JOURNAL OF BUSINESS ENTREPRENEURSHIP & THE LAW
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LIBOR: Everything You Ever Wanted to Know But Were Afraid to Ask | Authors: Michael R. Koblenz,  Kenneth M. Labbate, and Carrie C. Turner

LIBOR: Everything You Ever Wanted to Know But Were Afraid to Ask | Authors: Michael R. Koblenz, Kenneth M. Labbate, and Carrie C. Turner

Since the LIBOR rigging scandal broke into the public consciousness in mid- 2012, every day’s news seems to bring with it reports of new litigation and regulatory actions. The effects of the debacle will likely play out in courts around the world for years. The goal of this article is to present the reader with a general overview of the LIBOR: its genesis and development, how and why London bankers manipulated the LIBOR, the liability…
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No Power to be Disloyal (or, How Not to Write a Loyalty Opinion) | Author: Val Ricks

No Power to be Disloyal (or, How Not to Write a Loyalty Opinion) | Author: Val Ricks

Sometimes, courts find that a manager or director of a business entity was disloyal.1 The fiduciary duty of loyalty is a lofty standard. A defendant does not have to stray far to offend “the punctilio of an honor the most sensitive.” Under such a standard, exonerating a defendant may be difficult, even when it is the right thing to do. A defendant who is not pure as the driven snow may still not deserve liability.…
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Drastic Times Call For Drastic Risk Measures: Why Value-at-risk Is (Still) a Flawed Preventative of Financial Crises and What Regulators Can Do About It | Author: Andrew L. McElroy

Drastic Times Call For Drastic Risk Measures: Why Value-at-risk Is (Still) a Flawed Preventative of Financial Crises and What Regulators Can Do About It | Author: Andrew L. McElroy

Bank regulators recently proposed the most fundamental reforms to U.S. banking law in decades, yet the value-at-risk statistic—replete with known deficiencies—remains the basis of the capital adequacy requirement. Consequently, there exists an unresolved tension in the law: the purpose of the banking rules is to require riskier financial institutions to hold additional capital, yet the value-at-risk statistic used to make this assessment induces a perverse incentive to hold the riskiest securities. Overlaid on this framework…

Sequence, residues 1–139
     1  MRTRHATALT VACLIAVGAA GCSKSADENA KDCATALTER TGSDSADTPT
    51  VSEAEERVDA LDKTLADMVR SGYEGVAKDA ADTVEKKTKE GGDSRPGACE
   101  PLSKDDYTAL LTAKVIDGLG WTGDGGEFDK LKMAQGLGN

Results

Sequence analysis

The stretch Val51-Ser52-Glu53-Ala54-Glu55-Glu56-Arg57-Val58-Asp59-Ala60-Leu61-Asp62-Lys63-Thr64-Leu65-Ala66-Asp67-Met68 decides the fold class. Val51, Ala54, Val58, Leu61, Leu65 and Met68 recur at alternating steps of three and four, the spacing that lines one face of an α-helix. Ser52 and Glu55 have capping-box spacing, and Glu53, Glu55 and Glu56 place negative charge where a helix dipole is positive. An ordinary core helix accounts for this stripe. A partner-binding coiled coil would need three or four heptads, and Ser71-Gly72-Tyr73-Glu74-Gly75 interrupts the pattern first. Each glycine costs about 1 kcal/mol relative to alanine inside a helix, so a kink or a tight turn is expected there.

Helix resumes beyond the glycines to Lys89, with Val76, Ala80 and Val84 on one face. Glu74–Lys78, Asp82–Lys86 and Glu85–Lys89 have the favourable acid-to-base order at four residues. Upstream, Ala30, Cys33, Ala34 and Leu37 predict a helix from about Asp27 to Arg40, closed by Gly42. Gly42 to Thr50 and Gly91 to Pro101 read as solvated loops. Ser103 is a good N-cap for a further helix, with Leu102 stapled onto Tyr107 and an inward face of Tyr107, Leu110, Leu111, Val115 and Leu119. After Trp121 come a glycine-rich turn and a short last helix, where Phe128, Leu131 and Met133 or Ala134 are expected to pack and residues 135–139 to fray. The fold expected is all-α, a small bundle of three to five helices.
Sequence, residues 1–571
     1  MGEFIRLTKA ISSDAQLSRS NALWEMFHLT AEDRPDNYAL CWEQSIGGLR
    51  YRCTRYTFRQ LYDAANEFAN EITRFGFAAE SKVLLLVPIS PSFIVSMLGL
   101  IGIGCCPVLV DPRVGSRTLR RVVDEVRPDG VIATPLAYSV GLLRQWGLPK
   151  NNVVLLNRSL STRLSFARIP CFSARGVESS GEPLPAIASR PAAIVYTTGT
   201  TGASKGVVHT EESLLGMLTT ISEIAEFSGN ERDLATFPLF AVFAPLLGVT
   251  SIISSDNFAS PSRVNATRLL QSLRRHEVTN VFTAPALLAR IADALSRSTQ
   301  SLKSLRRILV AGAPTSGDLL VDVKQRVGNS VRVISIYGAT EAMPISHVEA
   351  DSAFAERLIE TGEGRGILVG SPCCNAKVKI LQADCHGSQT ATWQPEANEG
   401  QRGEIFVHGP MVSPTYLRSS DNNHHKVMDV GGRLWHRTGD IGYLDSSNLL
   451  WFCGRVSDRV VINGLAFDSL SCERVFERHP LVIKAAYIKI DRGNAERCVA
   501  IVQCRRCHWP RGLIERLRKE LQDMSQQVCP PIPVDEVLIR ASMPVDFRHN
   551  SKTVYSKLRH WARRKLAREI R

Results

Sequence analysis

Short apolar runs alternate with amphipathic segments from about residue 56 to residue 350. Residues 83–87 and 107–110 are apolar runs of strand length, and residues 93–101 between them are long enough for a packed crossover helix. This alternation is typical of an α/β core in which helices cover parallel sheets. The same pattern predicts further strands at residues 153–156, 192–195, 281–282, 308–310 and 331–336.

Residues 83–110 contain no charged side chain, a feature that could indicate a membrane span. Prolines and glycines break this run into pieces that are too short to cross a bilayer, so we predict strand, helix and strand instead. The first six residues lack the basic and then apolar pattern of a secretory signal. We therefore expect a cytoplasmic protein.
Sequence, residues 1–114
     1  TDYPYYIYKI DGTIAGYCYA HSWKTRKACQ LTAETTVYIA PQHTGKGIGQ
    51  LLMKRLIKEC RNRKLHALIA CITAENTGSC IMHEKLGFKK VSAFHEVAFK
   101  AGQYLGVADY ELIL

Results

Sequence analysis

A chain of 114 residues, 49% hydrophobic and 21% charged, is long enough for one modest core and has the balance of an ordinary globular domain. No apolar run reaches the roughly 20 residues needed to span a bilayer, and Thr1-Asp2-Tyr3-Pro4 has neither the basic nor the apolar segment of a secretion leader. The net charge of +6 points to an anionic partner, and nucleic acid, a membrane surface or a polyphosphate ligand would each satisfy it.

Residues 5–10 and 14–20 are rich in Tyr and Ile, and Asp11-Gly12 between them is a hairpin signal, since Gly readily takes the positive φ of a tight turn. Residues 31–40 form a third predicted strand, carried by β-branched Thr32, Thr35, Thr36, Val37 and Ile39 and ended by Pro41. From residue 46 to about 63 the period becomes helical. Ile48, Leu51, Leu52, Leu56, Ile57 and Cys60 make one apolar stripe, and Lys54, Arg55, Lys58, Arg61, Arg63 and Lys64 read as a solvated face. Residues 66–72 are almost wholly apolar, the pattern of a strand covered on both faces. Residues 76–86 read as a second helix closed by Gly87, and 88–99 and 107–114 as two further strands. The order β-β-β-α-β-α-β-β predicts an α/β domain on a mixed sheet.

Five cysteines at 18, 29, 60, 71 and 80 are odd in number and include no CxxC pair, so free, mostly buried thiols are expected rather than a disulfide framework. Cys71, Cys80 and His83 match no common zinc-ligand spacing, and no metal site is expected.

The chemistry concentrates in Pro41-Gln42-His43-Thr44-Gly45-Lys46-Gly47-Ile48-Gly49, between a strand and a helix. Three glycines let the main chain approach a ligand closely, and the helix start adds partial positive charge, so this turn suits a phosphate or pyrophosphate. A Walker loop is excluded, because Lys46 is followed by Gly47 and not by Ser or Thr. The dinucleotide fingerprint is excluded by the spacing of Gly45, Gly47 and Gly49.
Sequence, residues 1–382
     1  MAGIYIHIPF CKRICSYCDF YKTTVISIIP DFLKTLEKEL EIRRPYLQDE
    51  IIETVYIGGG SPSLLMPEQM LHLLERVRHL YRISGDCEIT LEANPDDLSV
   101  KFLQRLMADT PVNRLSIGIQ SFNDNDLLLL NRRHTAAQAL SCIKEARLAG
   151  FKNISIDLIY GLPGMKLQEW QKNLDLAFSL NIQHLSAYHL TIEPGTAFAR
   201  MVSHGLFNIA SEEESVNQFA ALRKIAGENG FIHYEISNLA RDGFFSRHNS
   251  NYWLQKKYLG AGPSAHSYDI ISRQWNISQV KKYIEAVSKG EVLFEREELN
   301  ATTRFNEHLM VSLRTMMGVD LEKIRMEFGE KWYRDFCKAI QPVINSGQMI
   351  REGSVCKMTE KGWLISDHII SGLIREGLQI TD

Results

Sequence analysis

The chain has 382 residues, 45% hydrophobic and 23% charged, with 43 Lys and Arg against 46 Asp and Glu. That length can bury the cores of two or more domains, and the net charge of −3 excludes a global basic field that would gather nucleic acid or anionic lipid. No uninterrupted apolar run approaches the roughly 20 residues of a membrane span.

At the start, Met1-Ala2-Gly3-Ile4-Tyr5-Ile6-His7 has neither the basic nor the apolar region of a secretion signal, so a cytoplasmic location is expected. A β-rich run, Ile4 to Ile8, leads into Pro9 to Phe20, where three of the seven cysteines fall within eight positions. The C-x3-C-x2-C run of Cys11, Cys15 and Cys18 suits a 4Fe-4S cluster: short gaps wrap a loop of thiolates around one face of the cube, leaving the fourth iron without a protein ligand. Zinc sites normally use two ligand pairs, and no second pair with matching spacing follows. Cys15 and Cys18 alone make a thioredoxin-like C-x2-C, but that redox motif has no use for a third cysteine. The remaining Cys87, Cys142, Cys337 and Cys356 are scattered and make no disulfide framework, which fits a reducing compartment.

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Lessons from AT&T’s Flop: How to Grow in the Technology Industry While Avoiding Section 7 Antitrust Obstacles | Author: John Soma

Lessons from AT&T’s Flop: How to Grow in the Technology Industry While Avoiding Section 7 Antitrust Obstacles | Author: John Soma

In March of 2011, AT&T announced that it would buy T-Mobile USA. In August of that year, the Department of Justice (“DOJ”) filed a suit to stop the purchase. After four months of obstacles and setbacks, AT&T announced that it was withdrawing its bid. The DOJ had won this time. The DOJ does not, however, always succeed when challenging high profile mergers. In 2003, Oracle initiated its tender offer for PeopleSoft, and the DOJ filed…
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Conception to Distribution: Vertical Integration in the Television Production and ISP Industry | Author: Megan Sieffert

Conception to Distribution: Vertical Integration in the Television Production and ISP Industry | Author: Megan Sieffert

The intersecting regulations of agencies, stemming from the duties of the FCC, the FTC, and the DOJ to protect competition and television consumers, have been innovative in permitting two goals, first, allowing companies to pursue these integrations and, second, placing conditions on integrations to prevent potential harms that could come from developing media giants. As the market continues to consolidate, with companies having more access to the ability to distribute through alternative middlemen, and as…
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Following an International Copyright Regime at a Large National Cost: Is It Worth It? | Author: Vaishali Khatri